Used to quote a price in 64ths. Dealers in government bonds normally give price quotes in 32nds. To quote a bid or offer in 64ths, they use pluses; a dealer who bids 4+ is bidding the handle plus 4/32 + 1/64, which equals the handle plus 9/64.
Used for listed equity securities. Floor indication that someone is on the floor with equal priority standing who wants to buy/sell at least the same number of shares at the same price as one's own order. Outside. See: Matched orders. Compare to ahead.
Used in the context of general equities. Trade occurring at a price higher than the previous sale. Uptick. Antithesis of minus tick. See: Short sale.
Used for listed equity securities. A short seller (referring to the regulation requiring a plus tick to short).
See: Project notes
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See: Principal only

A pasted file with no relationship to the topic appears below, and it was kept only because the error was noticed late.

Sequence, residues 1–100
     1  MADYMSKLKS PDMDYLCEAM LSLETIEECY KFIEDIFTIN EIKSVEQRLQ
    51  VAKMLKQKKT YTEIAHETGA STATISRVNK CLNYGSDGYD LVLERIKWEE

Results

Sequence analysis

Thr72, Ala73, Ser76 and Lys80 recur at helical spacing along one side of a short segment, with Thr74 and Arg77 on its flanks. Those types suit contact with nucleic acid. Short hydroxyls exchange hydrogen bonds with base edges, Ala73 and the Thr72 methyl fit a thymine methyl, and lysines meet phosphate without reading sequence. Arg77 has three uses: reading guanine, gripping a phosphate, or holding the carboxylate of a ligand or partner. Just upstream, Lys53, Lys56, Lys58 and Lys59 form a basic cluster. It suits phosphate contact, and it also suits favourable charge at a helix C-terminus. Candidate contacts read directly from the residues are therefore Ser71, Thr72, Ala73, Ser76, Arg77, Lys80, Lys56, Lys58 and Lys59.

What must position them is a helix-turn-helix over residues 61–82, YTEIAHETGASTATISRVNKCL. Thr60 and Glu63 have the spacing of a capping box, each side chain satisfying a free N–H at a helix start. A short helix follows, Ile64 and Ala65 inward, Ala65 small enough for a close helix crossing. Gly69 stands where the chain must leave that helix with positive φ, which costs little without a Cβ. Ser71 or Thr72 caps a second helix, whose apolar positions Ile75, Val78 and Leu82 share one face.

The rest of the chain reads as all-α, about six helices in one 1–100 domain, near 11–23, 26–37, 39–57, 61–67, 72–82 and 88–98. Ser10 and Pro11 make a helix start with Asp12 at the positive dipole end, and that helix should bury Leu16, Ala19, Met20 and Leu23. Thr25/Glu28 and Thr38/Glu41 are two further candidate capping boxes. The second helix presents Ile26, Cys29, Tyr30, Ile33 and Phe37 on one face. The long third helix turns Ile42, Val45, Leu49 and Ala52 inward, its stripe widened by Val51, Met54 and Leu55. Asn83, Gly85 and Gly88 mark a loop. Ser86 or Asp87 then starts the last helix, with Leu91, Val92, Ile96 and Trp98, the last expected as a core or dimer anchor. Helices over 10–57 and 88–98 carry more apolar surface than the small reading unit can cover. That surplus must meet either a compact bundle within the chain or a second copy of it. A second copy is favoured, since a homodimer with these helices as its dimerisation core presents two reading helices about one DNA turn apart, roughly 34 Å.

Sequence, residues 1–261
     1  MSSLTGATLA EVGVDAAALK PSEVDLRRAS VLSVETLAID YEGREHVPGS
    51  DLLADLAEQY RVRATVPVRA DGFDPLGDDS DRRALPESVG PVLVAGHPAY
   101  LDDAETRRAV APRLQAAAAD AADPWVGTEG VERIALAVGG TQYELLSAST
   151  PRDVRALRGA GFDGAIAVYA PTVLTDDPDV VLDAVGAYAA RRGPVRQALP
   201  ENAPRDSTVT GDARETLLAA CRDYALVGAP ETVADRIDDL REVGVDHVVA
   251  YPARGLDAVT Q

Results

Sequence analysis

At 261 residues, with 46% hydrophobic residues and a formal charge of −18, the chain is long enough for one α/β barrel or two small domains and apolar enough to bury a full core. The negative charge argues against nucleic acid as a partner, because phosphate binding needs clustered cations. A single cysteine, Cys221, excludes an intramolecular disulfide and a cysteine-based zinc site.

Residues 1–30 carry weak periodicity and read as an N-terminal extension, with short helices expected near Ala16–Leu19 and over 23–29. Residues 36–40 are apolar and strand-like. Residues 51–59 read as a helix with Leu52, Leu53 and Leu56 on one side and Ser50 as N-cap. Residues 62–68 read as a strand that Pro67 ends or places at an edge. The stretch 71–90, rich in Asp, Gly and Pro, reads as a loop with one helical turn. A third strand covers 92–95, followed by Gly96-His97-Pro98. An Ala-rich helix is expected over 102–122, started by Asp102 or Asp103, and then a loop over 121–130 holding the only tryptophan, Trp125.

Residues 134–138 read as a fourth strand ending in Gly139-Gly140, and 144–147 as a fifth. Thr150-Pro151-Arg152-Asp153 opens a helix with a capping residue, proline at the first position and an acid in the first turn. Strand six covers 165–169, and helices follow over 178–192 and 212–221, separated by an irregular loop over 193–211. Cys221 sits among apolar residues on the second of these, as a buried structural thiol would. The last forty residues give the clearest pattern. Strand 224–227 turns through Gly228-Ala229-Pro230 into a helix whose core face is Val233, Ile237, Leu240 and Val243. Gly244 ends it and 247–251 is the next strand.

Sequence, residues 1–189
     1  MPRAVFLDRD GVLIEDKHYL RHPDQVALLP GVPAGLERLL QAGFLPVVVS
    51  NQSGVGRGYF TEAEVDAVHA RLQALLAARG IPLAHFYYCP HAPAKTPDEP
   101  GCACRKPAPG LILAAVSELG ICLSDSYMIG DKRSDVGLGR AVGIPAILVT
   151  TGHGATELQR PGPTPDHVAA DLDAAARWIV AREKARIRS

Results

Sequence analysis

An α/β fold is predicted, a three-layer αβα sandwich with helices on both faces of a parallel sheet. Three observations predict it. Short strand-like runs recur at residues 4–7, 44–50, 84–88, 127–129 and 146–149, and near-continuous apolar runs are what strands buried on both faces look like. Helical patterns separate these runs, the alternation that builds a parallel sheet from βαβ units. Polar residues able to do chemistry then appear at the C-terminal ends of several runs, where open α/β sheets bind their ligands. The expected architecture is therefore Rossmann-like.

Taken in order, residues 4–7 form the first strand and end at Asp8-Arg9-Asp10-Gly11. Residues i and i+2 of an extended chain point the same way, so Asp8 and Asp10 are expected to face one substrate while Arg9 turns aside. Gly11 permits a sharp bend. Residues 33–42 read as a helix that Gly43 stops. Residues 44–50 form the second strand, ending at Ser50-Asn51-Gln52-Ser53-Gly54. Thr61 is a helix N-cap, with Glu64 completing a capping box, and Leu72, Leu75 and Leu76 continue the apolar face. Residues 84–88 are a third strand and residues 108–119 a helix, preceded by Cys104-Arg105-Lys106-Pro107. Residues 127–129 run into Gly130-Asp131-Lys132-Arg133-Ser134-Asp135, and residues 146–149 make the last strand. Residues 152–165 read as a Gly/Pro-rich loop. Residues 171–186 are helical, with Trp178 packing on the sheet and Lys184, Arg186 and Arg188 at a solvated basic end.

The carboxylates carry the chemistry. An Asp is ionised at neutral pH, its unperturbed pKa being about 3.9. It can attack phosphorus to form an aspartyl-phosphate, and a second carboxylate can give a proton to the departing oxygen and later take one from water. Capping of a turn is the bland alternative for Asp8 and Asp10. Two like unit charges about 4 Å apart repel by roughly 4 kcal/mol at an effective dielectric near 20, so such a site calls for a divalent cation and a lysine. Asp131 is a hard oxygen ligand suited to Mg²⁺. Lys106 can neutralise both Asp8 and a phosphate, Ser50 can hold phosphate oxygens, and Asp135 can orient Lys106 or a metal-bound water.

The smallest unit of price change quoted, or one one-hundredth of a percent. Related: Minimum price fluctuation and tick.
A price-only chart that takes into account only whole integer changes in price, i.e., a 2-point change. Point and figure charting disregards the element of time and is used solely to record changes in price.
Anti-takeover device that gives a prospective acquiree's shareholders the right to buy shares of the firm or shares of anyone who acquires the firm at a deep discount to their fair market value. Named after the cyanide pill that secret government agents are said to be instructed to swallow if capture is imminent.
A covenant allowing the bondholder to demand repayment in the event of a hostile takeover.
Way in which an investor seeks to assess an appropriate long-term "normal" mix of assets that represents an ideal blend of controlled risk and enhanced return.
The maximum dollar amount of coverage provided by an insurance company for a certain policy.